Identity. According to John 5:22 (For not even the Father judges anyone, but He has given all judgment to the Son,), our judge will be Jesus. We can trust the One who laid down His life for our sake, brought us into God’s family, speaks to the Father on our behalf, and intercedes for us faithfully.

Character. Christ’s holy nature ensures that He will be fair. His omniscience means He can’t make decisions based on inadequate or faulty information. And His character is perfect, so He won’t make mistakes or treat certain people more favorably than others.

Purpose. Jesus will evaluate our life according to what we’ve done on earth (For all of us must stand before Christ when He says who is guilty or not guilty. Each one will receive pay for what he has done. He will be paid for the good or the bad done while he lived in this body. 2 Corinthians 5:10). But because He already bore the punishment for our sin at the cross, our judgment has to do with rewards, not chastisement (He carried our sins in His own body when He died on a cross. In doing this, we may be dead to sin and alive to all that is right and good. His wounds have healed you! 1 Peter 2:24).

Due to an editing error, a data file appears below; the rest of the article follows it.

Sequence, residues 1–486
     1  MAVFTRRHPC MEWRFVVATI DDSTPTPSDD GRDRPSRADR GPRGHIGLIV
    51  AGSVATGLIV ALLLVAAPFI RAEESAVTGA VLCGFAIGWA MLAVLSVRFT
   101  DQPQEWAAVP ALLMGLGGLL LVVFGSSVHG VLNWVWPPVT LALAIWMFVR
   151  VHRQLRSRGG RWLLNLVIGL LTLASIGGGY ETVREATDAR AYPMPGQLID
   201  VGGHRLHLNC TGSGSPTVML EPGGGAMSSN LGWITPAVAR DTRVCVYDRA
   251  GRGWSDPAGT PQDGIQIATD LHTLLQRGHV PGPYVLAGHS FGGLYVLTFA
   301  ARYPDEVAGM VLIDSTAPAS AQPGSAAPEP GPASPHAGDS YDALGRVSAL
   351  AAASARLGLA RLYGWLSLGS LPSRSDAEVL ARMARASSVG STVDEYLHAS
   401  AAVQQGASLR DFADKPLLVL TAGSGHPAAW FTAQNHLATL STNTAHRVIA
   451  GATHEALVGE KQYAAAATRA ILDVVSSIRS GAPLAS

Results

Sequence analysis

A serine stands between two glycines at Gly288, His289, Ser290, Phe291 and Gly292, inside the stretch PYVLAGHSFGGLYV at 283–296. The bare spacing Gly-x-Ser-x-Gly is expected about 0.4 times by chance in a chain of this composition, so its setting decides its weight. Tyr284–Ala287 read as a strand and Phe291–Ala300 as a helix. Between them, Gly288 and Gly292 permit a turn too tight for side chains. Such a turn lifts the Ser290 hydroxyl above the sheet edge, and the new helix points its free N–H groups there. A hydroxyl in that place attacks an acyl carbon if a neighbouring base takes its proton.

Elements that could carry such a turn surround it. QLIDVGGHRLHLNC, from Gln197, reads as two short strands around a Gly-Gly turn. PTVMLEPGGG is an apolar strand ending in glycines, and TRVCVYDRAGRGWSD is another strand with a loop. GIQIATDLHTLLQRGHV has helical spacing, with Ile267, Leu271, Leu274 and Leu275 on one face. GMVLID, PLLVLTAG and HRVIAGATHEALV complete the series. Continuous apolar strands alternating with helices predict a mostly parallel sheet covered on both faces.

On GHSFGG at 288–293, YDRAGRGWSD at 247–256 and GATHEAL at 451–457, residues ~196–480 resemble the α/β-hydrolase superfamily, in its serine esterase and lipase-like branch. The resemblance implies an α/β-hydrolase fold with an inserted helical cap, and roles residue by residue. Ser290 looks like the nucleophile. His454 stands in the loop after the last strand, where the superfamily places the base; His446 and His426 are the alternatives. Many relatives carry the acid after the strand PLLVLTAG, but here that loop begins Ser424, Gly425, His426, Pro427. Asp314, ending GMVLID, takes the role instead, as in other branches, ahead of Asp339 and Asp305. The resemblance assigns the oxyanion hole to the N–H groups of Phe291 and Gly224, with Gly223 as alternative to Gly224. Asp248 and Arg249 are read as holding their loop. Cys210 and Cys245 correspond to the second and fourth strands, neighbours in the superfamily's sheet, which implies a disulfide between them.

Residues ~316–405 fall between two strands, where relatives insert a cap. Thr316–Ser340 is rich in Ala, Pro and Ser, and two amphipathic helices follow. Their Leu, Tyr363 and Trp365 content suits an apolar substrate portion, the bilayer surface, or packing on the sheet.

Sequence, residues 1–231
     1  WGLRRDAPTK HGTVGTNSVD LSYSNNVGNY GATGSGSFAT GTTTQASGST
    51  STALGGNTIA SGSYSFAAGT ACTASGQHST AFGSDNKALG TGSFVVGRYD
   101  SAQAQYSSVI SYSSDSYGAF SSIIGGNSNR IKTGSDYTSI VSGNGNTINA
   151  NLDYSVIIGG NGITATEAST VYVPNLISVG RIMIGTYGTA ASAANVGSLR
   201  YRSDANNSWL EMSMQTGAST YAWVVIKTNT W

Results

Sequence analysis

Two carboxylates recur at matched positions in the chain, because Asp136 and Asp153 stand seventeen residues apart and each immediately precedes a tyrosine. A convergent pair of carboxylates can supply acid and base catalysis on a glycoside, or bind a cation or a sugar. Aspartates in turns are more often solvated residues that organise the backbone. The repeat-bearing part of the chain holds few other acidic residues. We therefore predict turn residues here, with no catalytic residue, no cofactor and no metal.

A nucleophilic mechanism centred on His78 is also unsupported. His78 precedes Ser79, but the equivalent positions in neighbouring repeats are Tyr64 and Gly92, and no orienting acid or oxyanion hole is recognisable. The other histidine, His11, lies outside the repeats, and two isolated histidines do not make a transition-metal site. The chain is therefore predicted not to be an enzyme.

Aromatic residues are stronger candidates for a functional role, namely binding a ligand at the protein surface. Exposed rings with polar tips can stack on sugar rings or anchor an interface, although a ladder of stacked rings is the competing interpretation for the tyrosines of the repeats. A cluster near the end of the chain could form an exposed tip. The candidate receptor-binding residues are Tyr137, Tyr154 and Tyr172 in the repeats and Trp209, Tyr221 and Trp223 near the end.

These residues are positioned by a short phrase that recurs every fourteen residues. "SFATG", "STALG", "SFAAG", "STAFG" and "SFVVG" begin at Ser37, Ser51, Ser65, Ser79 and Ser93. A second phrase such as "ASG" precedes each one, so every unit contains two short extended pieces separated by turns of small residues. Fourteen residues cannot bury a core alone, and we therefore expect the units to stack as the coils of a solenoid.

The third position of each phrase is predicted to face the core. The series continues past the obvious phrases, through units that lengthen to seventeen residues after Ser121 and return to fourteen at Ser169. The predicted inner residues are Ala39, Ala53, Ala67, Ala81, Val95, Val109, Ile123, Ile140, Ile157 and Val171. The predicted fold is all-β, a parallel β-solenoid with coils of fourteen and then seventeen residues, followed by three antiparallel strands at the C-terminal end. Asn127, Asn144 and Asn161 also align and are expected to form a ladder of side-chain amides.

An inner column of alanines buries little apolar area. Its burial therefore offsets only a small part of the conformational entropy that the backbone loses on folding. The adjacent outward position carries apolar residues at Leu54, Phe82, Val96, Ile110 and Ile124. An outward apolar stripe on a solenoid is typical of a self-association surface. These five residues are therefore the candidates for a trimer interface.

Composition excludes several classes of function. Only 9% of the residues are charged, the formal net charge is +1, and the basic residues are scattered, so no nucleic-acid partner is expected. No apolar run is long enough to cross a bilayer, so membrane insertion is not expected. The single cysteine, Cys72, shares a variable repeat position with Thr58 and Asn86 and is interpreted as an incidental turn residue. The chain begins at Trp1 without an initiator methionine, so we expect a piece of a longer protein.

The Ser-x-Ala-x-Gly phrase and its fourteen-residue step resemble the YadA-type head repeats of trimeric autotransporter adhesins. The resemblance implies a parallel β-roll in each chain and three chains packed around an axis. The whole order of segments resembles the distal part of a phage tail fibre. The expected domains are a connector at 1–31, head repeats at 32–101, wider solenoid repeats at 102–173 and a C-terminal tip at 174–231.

Christians can look forward to a new body that will never experience pain or death. What’s more, we will enjoy Jesus’ presence forever (You will show me the way of life. Being with You is to be full of joy. In Your right hand there is happiness forever. Psalm 16:11; If I go and prepare a place for you, I will come again and receive you to Myself, that where I am, there you may be also. John 14:3). We do not have to fear judgment, because we can trust our Judge and His intentions.

10 Characteristics of Pastors Who Finished Well